Writing students draw on their lived experience as they engage in mimetic activity and in their writing of qualitative research. The exegesis is of course a 'cultural production' inscribed by identity, gender, race, sexuality, ethnicity, life experience; all those things, which mixed with their ruminations on theory and theorists become the matter with which they as writers play, giving form to the 'practical consciousness' - the creative practice of which Williams spoke or as re…creation. They take the opportunity to 'personalise the theory and make it over in their own voice', as Ann Brewster says (Brewster 1996: 31).

How then do we read and assess such work, which is marked as much by autopoesis as it is by the trappings of scholarship? A shared understanding of criteria, often implicitly understood and applied, would seem to be useful. To conclude this excursion into different criteria for reviewing research writing, and as a way toward assessing fictocritical or experimental writing in the creative exegesis I have attempted to chart the criteria suggested by these authors out of the disciplines of social science, literary studies and writing.

Criteria for analysing the fictocritical exegesis
Ghaye/Gelb Richardson Examiners' criteria Elbow
Curiosita Substantive contribution Intellectual risk Perplexity
Dimonstrazione   Effective argument sustained throughout  
Sensazione Aesthetic merit Creative writing Narrative
Sfumato Impact   Dynamic outlines
Arte/Scienza   Integration of creative/ theoretical/ critical Words that enact present thinking
Corporalita Reflexivity Self-reflexivity on process and product Voice
Connessione   Exploration- theoretical issues and critical analysis  

This is an admittedly imperfect charting of complex concepts and ways of thinking of research texts as creative and creative texts as research. However, drawing on the criteria offered by different disciplines might enable us to explore our practices as supervisors and examiners in new ways.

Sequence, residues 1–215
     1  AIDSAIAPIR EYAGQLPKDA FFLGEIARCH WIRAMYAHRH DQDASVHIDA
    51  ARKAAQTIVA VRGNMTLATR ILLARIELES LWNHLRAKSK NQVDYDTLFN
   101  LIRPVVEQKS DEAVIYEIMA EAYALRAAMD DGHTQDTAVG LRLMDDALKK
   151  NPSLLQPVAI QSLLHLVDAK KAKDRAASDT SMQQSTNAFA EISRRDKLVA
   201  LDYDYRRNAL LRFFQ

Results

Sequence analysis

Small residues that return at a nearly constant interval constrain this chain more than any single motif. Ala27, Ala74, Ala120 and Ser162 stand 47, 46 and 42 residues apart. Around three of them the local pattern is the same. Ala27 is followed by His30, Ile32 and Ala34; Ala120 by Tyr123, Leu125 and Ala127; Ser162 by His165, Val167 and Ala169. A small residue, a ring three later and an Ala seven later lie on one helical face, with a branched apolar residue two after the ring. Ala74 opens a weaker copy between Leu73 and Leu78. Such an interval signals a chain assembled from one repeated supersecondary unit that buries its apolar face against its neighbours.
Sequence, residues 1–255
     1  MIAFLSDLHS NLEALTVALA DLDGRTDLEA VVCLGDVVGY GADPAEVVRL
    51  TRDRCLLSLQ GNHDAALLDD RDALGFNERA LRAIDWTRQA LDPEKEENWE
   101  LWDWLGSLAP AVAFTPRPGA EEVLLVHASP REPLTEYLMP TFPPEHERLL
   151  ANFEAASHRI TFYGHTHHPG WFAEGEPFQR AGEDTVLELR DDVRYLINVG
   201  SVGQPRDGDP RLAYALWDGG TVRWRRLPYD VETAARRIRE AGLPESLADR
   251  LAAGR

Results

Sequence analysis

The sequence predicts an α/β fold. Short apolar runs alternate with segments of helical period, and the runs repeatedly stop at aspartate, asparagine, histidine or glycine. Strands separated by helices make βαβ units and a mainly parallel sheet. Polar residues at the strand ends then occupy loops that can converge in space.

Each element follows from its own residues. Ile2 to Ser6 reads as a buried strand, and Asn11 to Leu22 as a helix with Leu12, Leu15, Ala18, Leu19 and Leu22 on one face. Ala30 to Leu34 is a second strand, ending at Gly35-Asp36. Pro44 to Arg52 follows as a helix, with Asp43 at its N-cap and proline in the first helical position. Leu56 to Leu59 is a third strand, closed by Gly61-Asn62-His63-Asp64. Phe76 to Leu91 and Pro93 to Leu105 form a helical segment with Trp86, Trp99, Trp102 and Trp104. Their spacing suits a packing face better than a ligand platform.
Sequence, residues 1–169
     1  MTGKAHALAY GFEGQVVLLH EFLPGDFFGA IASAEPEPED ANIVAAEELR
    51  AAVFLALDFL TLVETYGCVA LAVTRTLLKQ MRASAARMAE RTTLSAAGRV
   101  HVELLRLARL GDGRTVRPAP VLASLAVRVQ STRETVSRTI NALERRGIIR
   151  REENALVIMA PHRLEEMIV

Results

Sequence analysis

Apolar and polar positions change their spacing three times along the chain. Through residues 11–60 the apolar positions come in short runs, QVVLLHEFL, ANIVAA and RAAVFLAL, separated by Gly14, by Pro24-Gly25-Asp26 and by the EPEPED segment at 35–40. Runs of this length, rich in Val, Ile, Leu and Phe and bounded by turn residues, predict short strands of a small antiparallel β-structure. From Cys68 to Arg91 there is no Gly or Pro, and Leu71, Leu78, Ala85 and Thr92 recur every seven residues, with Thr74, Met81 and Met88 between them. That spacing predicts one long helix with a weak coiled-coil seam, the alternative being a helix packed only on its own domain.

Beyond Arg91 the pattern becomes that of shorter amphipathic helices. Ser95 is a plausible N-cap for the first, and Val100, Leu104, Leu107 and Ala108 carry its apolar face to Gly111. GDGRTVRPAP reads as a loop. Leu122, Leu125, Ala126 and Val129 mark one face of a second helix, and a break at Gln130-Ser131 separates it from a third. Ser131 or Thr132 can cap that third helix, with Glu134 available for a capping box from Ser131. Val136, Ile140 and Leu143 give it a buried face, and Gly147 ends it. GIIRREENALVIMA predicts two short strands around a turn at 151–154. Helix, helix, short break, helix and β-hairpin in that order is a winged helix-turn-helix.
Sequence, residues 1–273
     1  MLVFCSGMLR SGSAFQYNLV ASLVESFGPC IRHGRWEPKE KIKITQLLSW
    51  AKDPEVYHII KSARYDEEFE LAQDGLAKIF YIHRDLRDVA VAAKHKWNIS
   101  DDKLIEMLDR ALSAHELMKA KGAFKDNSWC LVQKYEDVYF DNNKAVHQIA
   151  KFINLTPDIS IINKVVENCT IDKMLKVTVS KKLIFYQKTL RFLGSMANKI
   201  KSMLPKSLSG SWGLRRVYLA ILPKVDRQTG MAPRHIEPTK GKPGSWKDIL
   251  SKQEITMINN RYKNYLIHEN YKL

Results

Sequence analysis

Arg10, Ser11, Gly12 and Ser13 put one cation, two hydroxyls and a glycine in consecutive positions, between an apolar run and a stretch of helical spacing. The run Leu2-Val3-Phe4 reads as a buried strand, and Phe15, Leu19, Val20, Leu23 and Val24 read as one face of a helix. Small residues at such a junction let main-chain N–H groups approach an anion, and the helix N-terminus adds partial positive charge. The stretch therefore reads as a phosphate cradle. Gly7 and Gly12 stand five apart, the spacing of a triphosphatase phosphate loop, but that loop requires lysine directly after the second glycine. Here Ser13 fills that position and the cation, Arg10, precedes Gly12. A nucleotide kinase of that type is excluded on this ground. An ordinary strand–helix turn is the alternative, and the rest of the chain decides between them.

I shall leave the discussion here with two quotes, which seem to me to speak to the heart of the matter:

A gold mine is worth nothing unless the owner has the machinery for extracting ore, and each subject must be considered first in itself and next in relation to the novelist's [researcher's] power of extracting from it what it contains. (Edith Wharton cited in Hodgins1993: 23)

And from Annie Dillard:

We judge a work on its integrity. Often we examine a work's integrity … by asking what it makes for itself and what it attempts to borrow from the world.
An honest work generates its own power. (Dillard 1982: 56)

Readers, supervisors and examiners need to have some way of indicating what makes a piece of writing powerful and effective within the discipline of writing. Thus it seems to be worth undertaking a close examination of how scholars in a range of disciplines, now engaged in writing differently, read and evaluate the research writing in their fields.


List of works cited


Claire Woods is Professor of Communication and Writing and Director of International Programs in the School of Communication, University of South Australia. She has published extensively on aspects of teaching writing, literary practice and English studies. She is the coordinator of the Cultures of Conflict - Writings of War Research Group and is currently working on projects relating to war history, oral records, and Prisoner of War diaries.


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Vol 11 No 1 April 2007
Editors: Nigel Krauth & Jen Webb